03/07/2008, 00.00
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Malaysia prepares for the "dirtiest" elections in its history

This is the outcry from the political opposition and human rights groups on the eve of tomorrow's voting for parliament and for the local legislatures. The victory of the governing coalition, the BN, is practically assured. About 9,000 "phantom voters" over the age of 100.

Kuala Lumpur (AsiaNews) - It's the last day for the electoral campaign in Malaysia, which goes to the polls tomorrow for the general elections.  Surveys give the advantage to the coalition of prime minister Abdullah Badawi  - the Umno party, at the head of the Barisan Nasional (BN) coalition that has been ruling the country for 50 years.  But this is believed to have lost ground against the opposition.  One decisive factor will be the votes of the Chinese and Indian ethnic minorities, as well as of religious minorities, which complain of political discrimination in favour of the Muslim Malay majority.

There are 222 parliamentary seats at stake; voting will also be conducted for legislators in 12 of the federation's 13 states.  Human rights groups and the domestic political opposition decry that these will be "the dirtiest elections" in the history of the country.  Human Rights Watch accuses the government of manipulating the electoral process.  The electoral commission has cancelled the use of indelible ink to mark the voters who have already gone to the polls.  The opposition has condemned the initiative and criticises "the agreement between the electoral commission and the central government".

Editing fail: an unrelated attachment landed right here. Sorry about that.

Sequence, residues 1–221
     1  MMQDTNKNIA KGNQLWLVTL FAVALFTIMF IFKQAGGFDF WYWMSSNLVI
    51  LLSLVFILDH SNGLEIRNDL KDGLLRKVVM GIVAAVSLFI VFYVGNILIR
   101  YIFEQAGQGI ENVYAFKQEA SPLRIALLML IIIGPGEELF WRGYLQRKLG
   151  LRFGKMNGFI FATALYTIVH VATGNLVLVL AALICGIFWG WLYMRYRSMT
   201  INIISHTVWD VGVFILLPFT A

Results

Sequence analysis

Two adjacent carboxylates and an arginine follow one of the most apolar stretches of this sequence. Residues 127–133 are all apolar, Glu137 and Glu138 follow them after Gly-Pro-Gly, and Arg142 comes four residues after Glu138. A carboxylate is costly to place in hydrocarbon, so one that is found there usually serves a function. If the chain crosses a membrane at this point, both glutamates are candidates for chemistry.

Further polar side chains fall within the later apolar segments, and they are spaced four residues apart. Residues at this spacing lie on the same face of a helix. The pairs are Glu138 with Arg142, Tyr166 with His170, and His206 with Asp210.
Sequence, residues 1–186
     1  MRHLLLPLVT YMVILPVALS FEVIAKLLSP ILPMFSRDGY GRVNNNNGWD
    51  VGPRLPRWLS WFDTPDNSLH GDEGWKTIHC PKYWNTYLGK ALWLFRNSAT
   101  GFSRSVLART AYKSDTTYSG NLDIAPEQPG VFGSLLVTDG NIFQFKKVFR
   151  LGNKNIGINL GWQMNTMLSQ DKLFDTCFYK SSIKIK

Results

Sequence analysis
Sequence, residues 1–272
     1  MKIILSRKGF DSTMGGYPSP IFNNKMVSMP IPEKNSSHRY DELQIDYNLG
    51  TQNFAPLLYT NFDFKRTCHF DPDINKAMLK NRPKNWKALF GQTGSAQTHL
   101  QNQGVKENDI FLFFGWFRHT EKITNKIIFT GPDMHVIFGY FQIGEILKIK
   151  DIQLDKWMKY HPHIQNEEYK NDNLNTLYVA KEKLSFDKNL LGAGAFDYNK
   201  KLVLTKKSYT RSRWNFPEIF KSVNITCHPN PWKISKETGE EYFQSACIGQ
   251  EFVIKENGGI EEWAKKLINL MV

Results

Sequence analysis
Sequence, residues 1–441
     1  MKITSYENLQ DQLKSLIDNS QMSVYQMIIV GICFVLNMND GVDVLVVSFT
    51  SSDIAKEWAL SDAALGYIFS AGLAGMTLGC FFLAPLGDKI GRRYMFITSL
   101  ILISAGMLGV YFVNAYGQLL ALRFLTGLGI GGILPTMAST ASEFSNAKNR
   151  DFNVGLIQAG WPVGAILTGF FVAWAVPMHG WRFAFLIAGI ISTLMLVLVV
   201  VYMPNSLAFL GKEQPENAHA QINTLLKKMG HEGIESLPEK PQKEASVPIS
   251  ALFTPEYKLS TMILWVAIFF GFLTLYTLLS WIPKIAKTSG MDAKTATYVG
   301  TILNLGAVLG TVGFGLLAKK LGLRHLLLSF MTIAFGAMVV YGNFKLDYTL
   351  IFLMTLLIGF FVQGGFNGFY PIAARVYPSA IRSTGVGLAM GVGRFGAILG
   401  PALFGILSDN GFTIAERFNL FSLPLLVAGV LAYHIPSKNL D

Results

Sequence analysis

The "Coalition for transparent and just elections" - an alliance of groups of civil society, better known as Bersih - speaks of "numerous phantom citizens" present on the voter lists, who it is believed would alter the results in favour of the majority.  A study by the group revealed the existence of 9,000 registered voters over the age of 100.

Abdullah has steadfastly rejected all of the accusations.  But the fact is that popular dissatisfaction with him is widespread in the country.  This is fostered by growing inflation, rampant criminality, violence, the negative impact of low cost foreign manual labour on the jobs market, and the accusations of discrimination from the strong ethnic and religious minorities.  Well-known analyst Shamsul Amri Baharuddin delineates the hypothesis of a strong polarisation of the electorate: "On the one side, the predominant population of rural ethnic Malays in favour of the current government, and on the other the growing non-Muslim city population in support of the opposition".  But according to the expert, this is an unlikely scenario: the anti-establishment sentiment will be overcome by pragmatism, and there will once again be a vote for stability.

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